Estimated COVID-19 Burden
CDC is developing new methods and data sources for estimating the burden of COVID-19 to build a framework reflecting our evolving understanding of the virus.
- Estimated COVID-19 Infections, Symptomatic Illnesses, Hospitalizations, and Deaths in the United States
- What Can Be Learned from Estimates of COVID-19 Infections, Illnesses, Hospitalizations, and Deaths in the United States
- Why CDC Estimates COVID-19 Infections, Illnesses, Hospitalizations, and Deaths
- How CDC Estimates COVID-19 Infections, Symptomatic Illnesses, and Hospitalizations
- How CDC Estimates COVID-19 Deaths
To better reflect the full burden of COVID-19, CDC provides estimates of COVID-19 infections, symptomatic illnesses, hospitalizations, and deaths using statistical models to adjust for cases that national surveillance networks do not capture for a number of reasons. These estimates and the methodologies used to calculate them are published in Clinical Infectious Diseases and The Lancet Regional Health – Americas. These estimates will be updated periodically.
Estimated COVID-19 Infections, Symptomatic Illnesses, Hospitalizations, and Deaths in the United States
CDC estimates that from February 2020–September 2021:
These estimates suggest that during this period, there were approximately:
Estimated Total Infections
Estimated Symptomatic Illnesses
Estimated Total Deaths
Last Updated: October 2, 2021
|Age group||Estimate||95% UI*||Estimate||95% UI*||Estimate||95% UI*||Estimate||95% UI*|
|0-17 years||25,844,005||21,361,986 – 31,614,224||22,030,307||19,108,000 – 25,701,942||266,597||224,715 – 315,966||645||501 – 1,141|
|18-49 years||75,179,070||62,681,393 – 90,520,720||64,029,542||56,477,718 – 73,348,809||1,996,830||1,719,541 – 2,334,921||60,355||56,641 – 64,388|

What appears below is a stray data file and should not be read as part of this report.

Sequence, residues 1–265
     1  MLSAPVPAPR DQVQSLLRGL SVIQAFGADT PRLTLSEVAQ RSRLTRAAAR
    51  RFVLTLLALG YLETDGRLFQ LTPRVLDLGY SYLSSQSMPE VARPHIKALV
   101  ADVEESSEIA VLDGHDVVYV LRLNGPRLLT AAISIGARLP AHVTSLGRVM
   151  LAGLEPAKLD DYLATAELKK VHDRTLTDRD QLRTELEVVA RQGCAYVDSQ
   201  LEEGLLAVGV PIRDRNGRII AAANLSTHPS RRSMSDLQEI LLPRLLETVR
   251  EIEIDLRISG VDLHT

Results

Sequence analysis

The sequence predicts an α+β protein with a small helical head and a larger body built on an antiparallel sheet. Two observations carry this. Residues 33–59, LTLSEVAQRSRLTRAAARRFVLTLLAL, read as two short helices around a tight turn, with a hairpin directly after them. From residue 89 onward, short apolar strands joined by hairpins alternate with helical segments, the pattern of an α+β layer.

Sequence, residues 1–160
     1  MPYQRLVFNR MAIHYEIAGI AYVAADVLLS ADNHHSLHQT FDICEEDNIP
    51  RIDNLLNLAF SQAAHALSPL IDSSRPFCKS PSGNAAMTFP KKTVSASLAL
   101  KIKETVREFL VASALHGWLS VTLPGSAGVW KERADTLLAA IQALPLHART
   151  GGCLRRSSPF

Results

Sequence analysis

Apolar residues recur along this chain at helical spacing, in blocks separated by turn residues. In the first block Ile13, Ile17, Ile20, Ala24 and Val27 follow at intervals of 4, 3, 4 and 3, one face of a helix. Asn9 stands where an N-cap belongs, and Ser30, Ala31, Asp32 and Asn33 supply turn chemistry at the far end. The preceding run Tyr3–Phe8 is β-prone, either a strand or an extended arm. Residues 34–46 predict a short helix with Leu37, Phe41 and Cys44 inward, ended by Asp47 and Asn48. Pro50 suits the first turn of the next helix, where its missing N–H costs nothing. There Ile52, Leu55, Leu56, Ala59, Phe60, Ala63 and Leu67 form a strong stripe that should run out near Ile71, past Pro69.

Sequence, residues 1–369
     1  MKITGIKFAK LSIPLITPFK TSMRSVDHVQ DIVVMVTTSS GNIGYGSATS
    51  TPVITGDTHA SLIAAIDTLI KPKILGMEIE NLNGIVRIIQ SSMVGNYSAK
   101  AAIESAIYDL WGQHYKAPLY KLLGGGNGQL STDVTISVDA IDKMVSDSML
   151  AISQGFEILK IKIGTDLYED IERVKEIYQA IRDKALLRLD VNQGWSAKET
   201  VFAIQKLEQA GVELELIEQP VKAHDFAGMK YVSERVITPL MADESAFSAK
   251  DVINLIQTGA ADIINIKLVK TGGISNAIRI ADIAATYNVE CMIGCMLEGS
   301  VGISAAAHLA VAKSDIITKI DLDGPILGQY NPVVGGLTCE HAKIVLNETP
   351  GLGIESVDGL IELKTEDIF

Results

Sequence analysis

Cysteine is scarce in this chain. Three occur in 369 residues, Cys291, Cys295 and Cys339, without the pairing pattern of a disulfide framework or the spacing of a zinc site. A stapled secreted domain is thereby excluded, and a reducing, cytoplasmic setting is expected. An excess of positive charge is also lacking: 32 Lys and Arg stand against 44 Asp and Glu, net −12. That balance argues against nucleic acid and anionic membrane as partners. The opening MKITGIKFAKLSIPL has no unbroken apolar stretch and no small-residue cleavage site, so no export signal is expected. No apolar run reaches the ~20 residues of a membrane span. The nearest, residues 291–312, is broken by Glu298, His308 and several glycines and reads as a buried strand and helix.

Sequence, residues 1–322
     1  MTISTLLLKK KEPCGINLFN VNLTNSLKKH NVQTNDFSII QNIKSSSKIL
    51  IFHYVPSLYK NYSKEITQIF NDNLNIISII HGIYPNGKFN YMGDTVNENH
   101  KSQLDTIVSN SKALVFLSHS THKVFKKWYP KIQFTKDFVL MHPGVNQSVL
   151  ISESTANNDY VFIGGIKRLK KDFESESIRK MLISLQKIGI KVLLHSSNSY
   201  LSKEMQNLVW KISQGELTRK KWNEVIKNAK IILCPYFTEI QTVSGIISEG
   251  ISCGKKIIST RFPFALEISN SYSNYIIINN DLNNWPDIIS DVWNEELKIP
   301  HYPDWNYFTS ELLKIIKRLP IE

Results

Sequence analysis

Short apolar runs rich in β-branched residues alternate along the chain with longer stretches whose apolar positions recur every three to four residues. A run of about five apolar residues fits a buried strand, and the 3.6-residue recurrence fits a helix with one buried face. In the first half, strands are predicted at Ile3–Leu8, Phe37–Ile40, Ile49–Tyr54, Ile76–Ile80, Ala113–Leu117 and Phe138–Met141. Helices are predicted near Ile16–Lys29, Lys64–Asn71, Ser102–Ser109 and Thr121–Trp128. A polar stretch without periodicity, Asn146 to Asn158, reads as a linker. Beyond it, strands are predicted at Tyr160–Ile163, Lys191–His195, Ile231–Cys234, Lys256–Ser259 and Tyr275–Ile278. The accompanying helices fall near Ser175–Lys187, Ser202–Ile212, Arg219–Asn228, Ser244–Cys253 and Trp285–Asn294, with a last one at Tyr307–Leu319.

|50-64 years||27,407,088||22,869,356 – 32,921,158||23,378,591||20,628,625 – 26,697,449||2,009,141||1,771,585 – 2,304,508||159,489||154,920 – 164,453|
|65+ years||18,012,882||14,527,427 – 22,761,991||14,626,141||12,913,173 – 16,745,092||3,232,213||2,864,006 – 3,683,201||700,882||688,959 – 713,090|
|All ages||146,585,169||125,980,377 – 171,574,943||123,979,337||111,032,406 – 139,954,539||7,506,029||6,715,747 – 8,465,642||921,371||902,527 – 941,172|
* Adjusted estimates are presented in two parts: an uncertainty interval [UI] and a point estimate. The uncertainty interval provides a range in which the true number or rate of COVID-19 infections, symptomatic illnesses, hospitalizations, or deaths would be expected to fall if the same study was repeated many times, and it gives an idea of the precision of the point estimate. A 95% uncertainty interval means that if the study were repeated 100 times, then 95 out of 100 times the uncertainty interval would contain the true point estimate. Conversely, in only 5 times out of a 100 would the uncertainty interval not contain the true point estimate.
†These are preliminary estimates that may fluctuate up or down as more data become available and as we improve our understanding of the detection and reporting of COVID-19. CDC will continue to update these estimates periodically.